Bruckner: Symphony No. 2 (1877 version)
Bruckner revised his Second Symphony substantially twice, but it’s arguable that he never got it quite right. The Second, first completed in 1872, is more original than the remarkable First (1866), though also more faltering. Even in that aspect, though, it can be fascinating if performed with love and understanding, and there’s plenty of both in Marek Janowski’s new version. We sense Bruckner slowly, patiently, sometimes a little uncertainly, coming to terms with the fact that what he has to say is utterly unlike anything that’s ever been said in music before.
Janowksi uses William Carragan’s new edition of the (relatively) familiar 1877 score. It’s tauter than the old Haas edition, but quirkier than the later Novak. There’s a surprise return of the once-excised high horn and solo bassoon in the Andante – and when played like this it’s good to have this fascinatingly strange passage back. The far less rounded, but more compelling transition (more like a lurch) from Scherzo to coda is also a big plus. Bruckner originally marked the Scherzo ‘fast’, then dropped it to ‘moderately fast’. For me Janowski errs a little too much on the moderate side. This music should still dance.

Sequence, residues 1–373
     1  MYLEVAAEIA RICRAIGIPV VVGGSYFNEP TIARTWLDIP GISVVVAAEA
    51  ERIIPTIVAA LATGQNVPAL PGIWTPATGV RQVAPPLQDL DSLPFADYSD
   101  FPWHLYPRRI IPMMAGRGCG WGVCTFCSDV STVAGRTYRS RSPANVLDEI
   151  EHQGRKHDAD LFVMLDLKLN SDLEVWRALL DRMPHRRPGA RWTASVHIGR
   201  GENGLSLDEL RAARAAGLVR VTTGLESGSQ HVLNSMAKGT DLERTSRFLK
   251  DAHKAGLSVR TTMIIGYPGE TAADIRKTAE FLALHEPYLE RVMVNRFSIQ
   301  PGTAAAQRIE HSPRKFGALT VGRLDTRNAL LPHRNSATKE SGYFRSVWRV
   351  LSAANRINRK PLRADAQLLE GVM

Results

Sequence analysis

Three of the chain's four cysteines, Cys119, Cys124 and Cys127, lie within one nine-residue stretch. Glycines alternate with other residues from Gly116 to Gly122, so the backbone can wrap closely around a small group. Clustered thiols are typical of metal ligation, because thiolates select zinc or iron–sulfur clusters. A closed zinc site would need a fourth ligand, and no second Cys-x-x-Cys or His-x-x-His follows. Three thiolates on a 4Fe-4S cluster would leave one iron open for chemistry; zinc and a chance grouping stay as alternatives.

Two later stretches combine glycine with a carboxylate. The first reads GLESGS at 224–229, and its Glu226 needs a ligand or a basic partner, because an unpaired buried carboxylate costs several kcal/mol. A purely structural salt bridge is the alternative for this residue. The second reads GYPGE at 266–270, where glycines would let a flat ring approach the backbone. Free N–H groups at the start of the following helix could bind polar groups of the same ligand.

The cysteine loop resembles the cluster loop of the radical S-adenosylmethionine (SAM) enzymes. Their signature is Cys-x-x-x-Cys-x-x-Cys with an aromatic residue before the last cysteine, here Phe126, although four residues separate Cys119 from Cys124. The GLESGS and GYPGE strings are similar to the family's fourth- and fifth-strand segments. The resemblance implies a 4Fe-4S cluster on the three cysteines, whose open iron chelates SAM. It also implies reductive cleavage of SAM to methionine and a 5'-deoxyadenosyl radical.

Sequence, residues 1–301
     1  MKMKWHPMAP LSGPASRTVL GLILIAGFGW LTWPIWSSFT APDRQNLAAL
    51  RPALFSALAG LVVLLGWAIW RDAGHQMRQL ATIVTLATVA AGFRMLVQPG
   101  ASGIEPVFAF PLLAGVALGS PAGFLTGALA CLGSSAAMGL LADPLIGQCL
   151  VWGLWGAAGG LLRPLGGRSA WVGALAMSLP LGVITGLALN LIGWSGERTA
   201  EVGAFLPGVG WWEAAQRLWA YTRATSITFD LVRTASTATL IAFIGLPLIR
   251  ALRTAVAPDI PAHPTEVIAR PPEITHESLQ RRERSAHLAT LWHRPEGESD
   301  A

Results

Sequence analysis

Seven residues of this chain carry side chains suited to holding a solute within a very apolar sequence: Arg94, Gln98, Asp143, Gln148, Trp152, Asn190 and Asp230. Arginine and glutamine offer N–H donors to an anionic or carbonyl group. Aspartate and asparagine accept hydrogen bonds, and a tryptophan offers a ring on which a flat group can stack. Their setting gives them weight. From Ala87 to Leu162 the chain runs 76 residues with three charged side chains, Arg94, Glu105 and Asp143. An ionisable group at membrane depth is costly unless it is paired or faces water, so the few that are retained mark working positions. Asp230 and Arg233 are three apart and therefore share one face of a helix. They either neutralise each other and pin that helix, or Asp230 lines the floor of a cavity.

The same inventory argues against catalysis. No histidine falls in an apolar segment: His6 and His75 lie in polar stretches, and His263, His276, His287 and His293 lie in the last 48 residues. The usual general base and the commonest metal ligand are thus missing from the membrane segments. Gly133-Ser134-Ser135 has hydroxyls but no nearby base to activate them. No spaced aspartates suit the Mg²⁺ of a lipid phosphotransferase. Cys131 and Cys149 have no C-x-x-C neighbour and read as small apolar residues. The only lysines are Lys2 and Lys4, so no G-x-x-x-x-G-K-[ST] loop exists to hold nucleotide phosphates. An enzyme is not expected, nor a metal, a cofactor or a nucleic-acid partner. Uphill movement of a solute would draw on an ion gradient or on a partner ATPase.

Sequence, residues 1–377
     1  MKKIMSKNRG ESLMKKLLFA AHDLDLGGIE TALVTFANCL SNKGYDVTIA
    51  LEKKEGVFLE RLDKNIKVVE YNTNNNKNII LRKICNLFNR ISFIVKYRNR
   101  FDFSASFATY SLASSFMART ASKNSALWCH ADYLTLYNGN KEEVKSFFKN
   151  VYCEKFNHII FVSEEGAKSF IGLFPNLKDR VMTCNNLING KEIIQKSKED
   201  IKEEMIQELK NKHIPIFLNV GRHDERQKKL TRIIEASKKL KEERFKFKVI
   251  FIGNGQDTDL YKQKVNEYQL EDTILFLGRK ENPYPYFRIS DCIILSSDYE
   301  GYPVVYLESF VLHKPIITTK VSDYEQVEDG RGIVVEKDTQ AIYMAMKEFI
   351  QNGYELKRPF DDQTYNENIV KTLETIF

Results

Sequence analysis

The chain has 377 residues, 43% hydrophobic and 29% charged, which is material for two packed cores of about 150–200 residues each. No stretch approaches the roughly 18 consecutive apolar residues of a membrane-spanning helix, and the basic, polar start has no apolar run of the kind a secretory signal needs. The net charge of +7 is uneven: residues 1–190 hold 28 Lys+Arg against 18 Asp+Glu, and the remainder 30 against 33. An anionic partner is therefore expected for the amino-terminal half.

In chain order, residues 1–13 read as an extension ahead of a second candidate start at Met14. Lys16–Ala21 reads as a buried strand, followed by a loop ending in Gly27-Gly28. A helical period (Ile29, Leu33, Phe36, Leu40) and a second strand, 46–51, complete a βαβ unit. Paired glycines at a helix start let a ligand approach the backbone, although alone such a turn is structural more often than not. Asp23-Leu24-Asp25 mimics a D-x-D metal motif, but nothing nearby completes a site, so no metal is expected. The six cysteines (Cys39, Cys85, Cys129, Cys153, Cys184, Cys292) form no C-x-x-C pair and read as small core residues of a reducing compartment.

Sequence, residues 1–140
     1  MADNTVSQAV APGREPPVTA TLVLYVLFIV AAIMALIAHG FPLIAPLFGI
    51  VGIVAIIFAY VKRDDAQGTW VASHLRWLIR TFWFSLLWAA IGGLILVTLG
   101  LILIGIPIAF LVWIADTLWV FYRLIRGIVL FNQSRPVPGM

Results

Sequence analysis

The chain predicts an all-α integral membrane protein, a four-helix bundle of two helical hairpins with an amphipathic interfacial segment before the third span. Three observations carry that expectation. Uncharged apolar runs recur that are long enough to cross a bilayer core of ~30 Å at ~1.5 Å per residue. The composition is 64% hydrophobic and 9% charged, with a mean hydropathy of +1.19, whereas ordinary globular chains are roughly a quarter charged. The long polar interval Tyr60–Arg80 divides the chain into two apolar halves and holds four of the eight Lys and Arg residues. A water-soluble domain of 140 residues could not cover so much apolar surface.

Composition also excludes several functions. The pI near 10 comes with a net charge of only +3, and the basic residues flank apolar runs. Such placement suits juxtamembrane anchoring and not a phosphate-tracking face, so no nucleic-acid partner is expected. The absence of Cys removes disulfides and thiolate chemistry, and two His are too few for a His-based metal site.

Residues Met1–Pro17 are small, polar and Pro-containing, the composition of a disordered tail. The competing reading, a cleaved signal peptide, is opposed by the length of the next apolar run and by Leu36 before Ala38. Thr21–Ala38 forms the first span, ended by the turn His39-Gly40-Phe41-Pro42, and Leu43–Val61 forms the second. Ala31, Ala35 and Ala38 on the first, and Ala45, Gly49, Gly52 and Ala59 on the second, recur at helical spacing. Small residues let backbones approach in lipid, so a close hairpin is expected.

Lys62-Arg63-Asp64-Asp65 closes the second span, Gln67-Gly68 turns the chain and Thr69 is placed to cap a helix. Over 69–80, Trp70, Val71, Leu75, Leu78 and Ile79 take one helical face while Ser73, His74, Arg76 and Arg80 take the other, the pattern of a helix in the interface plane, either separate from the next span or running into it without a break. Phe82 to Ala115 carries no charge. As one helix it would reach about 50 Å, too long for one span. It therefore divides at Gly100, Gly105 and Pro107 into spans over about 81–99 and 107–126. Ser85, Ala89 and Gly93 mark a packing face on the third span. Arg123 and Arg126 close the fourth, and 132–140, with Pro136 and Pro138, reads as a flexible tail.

Otherwise, though, this is a very persuasive Bruckner Symphony No. 2: well paced, warmed toned without heaviness, Romantically atmospheric and with stranger inspirations subtly highlighted. The recording suits Janowski’s approach admirably. The ending may be the least convincing in Bruckner’s symphonic output, but you’ll probably still feel like applauding.